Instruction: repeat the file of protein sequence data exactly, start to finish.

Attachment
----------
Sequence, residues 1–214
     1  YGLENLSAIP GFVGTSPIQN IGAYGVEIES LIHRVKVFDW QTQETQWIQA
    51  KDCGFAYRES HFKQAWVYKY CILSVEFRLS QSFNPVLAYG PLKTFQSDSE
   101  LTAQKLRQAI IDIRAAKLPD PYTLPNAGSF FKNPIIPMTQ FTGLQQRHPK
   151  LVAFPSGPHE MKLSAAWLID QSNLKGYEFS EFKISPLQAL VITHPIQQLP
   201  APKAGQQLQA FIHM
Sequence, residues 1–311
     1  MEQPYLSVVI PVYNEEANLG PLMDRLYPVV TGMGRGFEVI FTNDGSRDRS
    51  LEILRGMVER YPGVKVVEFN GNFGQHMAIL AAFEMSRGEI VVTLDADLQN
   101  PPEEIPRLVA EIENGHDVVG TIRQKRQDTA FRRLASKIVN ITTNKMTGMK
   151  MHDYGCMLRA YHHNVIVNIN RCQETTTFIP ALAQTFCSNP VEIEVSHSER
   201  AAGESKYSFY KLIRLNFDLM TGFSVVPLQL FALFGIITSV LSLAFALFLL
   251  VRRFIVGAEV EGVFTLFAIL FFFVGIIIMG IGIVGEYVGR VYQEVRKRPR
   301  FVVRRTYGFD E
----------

Sequence, residues 1–214
     1  YGLENLSAIP GFVGTSPIQN IGAYGVEIES LIHRVKVFDW QTQETQWIQA
    51  KDCGFAYRES HFKQAWVYKY CILSVEFRLS QSFNPVLAYG PLKTFQSDSE
   101  LTAQKLRQAI IDIRAAKLPD PYTLPNAGSF FKNPIIPMTQ FTGLQQRHPK
   151  LVAFPSGPHE MKLSAAWLID QSNLKGYEFS EFKISPLQAL VITHPIQQLP
   201  APKAGQQLQA FIHM
Sequence, residues 1–311
     1  MEQPYLSVVI PVYNEEANLG PLMDRLYPVV TGMGRGFEVI FTNDGSRDRS
    51  LEILRGMVER YPGVKVVEFN GNFGQHMAIL AAFEMSRGEI VVTLDADLQN
   101  PPEEIPRLVA EIENGHDVVG TIRQKRQDTA FRRLASKIVN ITTNKMTGMK
   151  MHDYGCMLRA YHHNVIVNIN RCQETTTFIP ALAQTFCSNP VEIEVSHSER
   201  AAGESKYSFY KLIRLNFDLM TGFSVVPLQL FALFGIITSV LSLAFALFLL
   251  VRRFIVGAEV EGVFTLFAIL FFFVGIIIMG IGIVGEYVGR VYQEVRKRPR
   301  FVVRRTYGFD E